By Colleen Dulle
Catholic News Service
WASHINGTON – When Helen Alvare first read that Jesus did not “count equality with God a thing to be grasped” (Phil 2:6), she was shocked.
“Of course he was equal, why would we even be talking about grasping?” Alvare asked.
She realized that this model applied to gender equality, an idea she shared in her talk on “The Feminine Genius,” addressed to 350 women in their 20s at the Given Catholic Young Women’s Leadership Forum June 8 in Washington.
Her goal, she told Catholic News Service, was for the women at the conference to see that “even suggesting that there are two sexes who are other but can collaborate has become controversial,” and that Christians need to confirm God’s intention for men and women to be different but equal.
In modern society, “we are encouraged to reject things that are associated with women and instead to be either like men or androgynous or sexually fluid,” Alvare told the all-female audience, yet “the two sexes symbolize all that can happen when different things work together: They create, they grow, they give new life.”
She continued, “An environment stacked against the twoness of the sexes is also an environment against diversity of every type, coexistence in perfect equality in the eyes of God.”
Alvare, who is a family and religion law professor at George Mason University and a consultant for the Vatican’s Pontifical Council for the Laity, serves as a Holy See delegate to various United Nations conferences on women and family issues.
Women laugh June 8 as they listen to keynote speaker Helen Alvare, a law professor at George Mason University in Arlington, Va., during “Given,” a leadership forum for young Catholic women at The Catholic University of America in Washington. The six-day event was sponsored by the Council of Major Superiors of Women Religious. (CNS photo/Bob Roller)
She said that women need to recognize their feminine gifts and assert them in collaboration with men rather than “grasping at” an equality that they already have in the eyes of God. Practically and theologically, she said, the sexes working together are better than either men or women working alone.
She cited studies showing that mixed-gender marketing teams are effective because the men tend to develop strong marketing systems while the women are often better at figuring out how the system will practically be applied, and how to pitch the system in an appealing way.
She also explained theologian N.T. Wright’s view of the sexes as symbols of the unity of heaven and earth.
Heaven and earth “are different, radically different, but they are made for each other in the same way as male and female,” she said, quoting Wright. “Opposite poles within creation are made for union, not competition.”
She said that while women cannot forget that they are heirs to a long struggle for equal rights, “as Christians, this model of not deeming equality something to be grasped at means that we assert it. We live it. We can be lawyers seeking to get it in the law; we can be laywomen seeking to assert it in a group or at our job, but the end goal that we’re seeking is not ‘I am better than men,’ ‘I reject men,’ ‘I don’t trust men,’ et cetera. It is to assert and achieve this equality but not by harming the opposite sex.”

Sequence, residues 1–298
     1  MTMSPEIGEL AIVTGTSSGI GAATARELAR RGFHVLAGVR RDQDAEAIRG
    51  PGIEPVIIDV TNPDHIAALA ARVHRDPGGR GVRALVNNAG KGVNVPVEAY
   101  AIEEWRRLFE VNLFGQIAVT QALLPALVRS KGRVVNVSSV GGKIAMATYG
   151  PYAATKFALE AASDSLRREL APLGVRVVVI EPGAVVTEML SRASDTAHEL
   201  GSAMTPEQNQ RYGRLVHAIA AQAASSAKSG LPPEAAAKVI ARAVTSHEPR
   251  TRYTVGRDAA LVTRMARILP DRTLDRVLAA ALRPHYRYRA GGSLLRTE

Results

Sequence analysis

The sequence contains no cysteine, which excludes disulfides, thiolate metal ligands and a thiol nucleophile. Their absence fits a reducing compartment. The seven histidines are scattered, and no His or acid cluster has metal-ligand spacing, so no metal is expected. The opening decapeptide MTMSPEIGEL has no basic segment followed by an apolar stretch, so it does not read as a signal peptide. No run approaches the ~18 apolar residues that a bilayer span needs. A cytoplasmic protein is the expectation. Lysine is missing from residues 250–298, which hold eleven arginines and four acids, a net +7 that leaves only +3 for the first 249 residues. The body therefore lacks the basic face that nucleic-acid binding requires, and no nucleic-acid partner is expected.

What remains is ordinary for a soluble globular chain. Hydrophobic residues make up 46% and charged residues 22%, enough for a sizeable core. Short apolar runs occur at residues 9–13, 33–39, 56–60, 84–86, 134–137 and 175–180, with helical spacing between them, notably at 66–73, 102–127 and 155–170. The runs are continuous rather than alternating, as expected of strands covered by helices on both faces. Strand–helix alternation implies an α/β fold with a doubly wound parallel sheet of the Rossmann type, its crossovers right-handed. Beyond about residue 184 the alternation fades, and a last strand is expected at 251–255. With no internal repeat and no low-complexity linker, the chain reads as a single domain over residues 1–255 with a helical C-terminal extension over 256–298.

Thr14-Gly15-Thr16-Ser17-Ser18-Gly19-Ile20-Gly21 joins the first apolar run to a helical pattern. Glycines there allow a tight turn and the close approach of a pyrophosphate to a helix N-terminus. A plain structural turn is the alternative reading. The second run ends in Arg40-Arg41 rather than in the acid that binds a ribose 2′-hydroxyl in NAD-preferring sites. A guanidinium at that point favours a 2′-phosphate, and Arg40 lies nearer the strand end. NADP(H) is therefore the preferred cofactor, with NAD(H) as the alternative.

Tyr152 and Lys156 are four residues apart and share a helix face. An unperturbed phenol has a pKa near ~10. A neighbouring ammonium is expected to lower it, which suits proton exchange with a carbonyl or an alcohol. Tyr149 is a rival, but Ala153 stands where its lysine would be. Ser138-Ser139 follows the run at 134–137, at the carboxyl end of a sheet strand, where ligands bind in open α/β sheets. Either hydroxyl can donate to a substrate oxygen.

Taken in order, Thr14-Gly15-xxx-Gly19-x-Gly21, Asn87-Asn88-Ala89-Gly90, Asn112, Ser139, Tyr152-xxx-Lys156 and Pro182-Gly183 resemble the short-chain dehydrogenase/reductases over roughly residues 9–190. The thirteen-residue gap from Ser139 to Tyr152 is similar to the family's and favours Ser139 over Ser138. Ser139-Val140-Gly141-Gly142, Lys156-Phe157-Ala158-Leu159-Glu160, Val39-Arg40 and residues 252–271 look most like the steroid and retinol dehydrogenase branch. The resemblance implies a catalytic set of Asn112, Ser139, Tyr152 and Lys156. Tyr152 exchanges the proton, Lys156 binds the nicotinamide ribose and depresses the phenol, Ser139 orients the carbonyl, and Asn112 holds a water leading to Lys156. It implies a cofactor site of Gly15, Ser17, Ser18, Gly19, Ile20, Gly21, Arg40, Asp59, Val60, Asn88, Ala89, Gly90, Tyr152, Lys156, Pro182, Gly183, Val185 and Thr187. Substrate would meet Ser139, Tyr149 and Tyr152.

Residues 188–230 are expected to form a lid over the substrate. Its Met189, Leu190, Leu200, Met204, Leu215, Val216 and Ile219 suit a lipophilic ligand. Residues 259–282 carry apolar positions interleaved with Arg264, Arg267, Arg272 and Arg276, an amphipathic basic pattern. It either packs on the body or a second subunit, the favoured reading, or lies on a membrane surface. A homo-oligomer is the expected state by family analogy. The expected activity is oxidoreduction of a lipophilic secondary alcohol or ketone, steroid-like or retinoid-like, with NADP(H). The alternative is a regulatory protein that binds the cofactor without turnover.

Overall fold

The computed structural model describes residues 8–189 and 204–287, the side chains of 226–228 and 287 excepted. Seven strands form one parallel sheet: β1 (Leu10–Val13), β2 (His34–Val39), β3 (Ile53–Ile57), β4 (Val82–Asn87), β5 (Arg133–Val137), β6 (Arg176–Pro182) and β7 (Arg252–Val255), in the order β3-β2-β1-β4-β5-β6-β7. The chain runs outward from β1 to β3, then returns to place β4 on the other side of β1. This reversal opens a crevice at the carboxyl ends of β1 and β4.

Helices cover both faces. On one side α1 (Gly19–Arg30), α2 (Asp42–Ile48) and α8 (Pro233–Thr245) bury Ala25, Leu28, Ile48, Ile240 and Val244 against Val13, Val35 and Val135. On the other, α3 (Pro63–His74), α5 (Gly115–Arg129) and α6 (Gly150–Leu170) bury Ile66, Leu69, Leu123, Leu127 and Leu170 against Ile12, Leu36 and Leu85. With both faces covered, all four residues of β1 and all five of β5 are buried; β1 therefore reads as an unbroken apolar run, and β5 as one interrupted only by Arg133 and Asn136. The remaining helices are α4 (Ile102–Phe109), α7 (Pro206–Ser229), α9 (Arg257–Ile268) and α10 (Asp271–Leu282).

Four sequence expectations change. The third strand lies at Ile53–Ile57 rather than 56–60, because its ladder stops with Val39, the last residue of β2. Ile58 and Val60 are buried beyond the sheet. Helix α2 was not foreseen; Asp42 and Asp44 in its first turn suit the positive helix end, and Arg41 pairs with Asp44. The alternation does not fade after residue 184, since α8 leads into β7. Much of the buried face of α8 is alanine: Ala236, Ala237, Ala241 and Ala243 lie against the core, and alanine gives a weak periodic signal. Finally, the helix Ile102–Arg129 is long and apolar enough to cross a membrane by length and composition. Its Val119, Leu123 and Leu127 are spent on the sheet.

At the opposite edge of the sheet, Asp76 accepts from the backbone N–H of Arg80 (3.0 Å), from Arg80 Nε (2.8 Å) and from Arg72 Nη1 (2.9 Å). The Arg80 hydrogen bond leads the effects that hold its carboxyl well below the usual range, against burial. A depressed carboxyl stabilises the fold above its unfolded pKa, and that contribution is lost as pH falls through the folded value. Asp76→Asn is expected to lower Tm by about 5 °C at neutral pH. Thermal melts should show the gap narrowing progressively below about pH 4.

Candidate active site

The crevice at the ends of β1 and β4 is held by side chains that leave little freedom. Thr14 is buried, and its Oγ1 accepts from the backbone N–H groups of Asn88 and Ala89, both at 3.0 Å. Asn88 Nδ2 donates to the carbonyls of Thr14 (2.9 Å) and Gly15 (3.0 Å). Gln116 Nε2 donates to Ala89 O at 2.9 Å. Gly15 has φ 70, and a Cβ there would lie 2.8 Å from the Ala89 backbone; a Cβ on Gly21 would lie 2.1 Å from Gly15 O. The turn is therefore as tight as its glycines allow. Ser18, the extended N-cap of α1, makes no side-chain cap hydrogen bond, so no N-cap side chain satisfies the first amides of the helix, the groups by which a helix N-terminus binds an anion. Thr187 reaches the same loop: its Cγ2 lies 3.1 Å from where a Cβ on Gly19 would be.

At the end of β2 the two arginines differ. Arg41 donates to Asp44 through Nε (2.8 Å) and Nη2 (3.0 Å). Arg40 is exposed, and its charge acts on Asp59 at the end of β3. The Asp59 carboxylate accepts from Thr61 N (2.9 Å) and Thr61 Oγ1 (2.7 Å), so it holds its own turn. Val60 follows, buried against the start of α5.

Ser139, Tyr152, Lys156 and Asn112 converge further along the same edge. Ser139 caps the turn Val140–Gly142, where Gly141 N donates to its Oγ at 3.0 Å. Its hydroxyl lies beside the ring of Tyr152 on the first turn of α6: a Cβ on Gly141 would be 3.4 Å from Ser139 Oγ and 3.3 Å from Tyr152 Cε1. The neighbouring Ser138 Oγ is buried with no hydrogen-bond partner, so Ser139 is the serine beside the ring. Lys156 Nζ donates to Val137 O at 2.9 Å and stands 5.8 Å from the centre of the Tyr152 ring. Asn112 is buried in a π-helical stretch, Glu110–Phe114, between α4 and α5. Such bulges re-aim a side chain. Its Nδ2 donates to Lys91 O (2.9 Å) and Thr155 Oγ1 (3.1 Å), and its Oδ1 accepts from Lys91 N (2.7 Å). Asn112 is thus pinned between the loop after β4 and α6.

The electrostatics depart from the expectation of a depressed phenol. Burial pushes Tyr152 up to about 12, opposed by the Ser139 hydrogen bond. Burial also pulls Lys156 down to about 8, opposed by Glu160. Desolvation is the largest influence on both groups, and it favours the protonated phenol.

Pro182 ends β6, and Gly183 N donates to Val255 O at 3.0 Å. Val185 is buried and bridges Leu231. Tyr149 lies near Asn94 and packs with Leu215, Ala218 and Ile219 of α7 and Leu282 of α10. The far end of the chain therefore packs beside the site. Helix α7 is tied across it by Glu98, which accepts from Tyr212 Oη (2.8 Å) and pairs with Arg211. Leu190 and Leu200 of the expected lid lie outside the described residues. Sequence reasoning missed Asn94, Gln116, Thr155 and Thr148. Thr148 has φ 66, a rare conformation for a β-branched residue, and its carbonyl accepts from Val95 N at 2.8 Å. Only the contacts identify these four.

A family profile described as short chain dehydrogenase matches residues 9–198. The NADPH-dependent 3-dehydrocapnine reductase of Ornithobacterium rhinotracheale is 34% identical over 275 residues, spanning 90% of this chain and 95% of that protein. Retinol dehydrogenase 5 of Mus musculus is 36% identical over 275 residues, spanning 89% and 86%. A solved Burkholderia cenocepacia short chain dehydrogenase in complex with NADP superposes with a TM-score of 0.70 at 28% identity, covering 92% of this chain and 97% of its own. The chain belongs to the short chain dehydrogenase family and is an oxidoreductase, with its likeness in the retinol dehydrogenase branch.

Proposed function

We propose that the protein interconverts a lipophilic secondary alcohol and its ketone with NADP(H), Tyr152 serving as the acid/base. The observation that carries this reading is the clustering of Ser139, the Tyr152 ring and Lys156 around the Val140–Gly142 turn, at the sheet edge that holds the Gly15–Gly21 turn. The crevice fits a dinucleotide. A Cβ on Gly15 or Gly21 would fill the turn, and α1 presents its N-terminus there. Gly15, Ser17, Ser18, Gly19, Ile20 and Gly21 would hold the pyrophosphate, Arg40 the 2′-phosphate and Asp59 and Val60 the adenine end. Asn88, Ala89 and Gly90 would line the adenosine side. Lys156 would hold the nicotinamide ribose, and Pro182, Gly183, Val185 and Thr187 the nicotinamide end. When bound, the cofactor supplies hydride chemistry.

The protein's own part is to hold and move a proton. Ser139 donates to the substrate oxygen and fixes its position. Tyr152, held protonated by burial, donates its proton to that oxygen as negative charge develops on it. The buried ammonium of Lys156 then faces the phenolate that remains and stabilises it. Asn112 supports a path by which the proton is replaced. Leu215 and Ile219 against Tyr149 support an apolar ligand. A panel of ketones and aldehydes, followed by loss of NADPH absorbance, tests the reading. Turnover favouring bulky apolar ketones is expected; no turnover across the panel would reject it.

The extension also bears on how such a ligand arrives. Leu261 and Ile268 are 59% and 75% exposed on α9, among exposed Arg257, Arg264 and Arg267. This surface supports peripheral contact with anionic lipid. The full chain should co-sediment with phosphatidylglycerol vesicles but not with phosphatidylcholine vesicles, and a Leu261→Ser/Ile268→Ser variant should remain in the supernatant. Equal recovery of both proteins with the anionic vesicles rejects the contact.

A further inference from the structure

She said that she would have liked to see this equality represented in church decision-making, for example, at the Synod of Bishops on the family or in the sexual abuse scandal.
“I would have said that you needed a great deal more women and families at the synod on the family. I really didn’t understand the absence of a significant number of more women,” she said.
Alvare chaired the commission that investigated the abuse scandal in the Archdiocese of Philadelphia.
“If someone had come in and complained to a mother that this had happened to her son, I think things would have changed quite a bit earlier,” Alvare told CNS, saying there may be a difference between the sexes in understanding “what that violation means to a child.”
She also pointed out that women are skilled in the humanitarian work Pope Francis has emphasized, like housing Syrian refugees and providing showers for the homeless in Vatican City.
“The people who are actually doing that kind of work in the world and who want to do it — they’d like to be paid more fairly, but they want to do it — are women,” Alvare said, noting that women’s representation in the church shouldn’t be a matter of meeting quotas.
She told CNS that she wanted to end her talk by saying women must be the ones to speak out in favor of femininity and increased collaboration between the sexes.
“No male can say the things that I said today,” she said. “If it’s going to be said at all, it has to be said by women.”
The June 7-12 Given conference was held at The Catholic University of America in Washington. It was sponsored by the Council of Major Superiors of Women Religious.
Copyright ©2016 Catholic News Service/U.S. Conference of Catholic Bishops.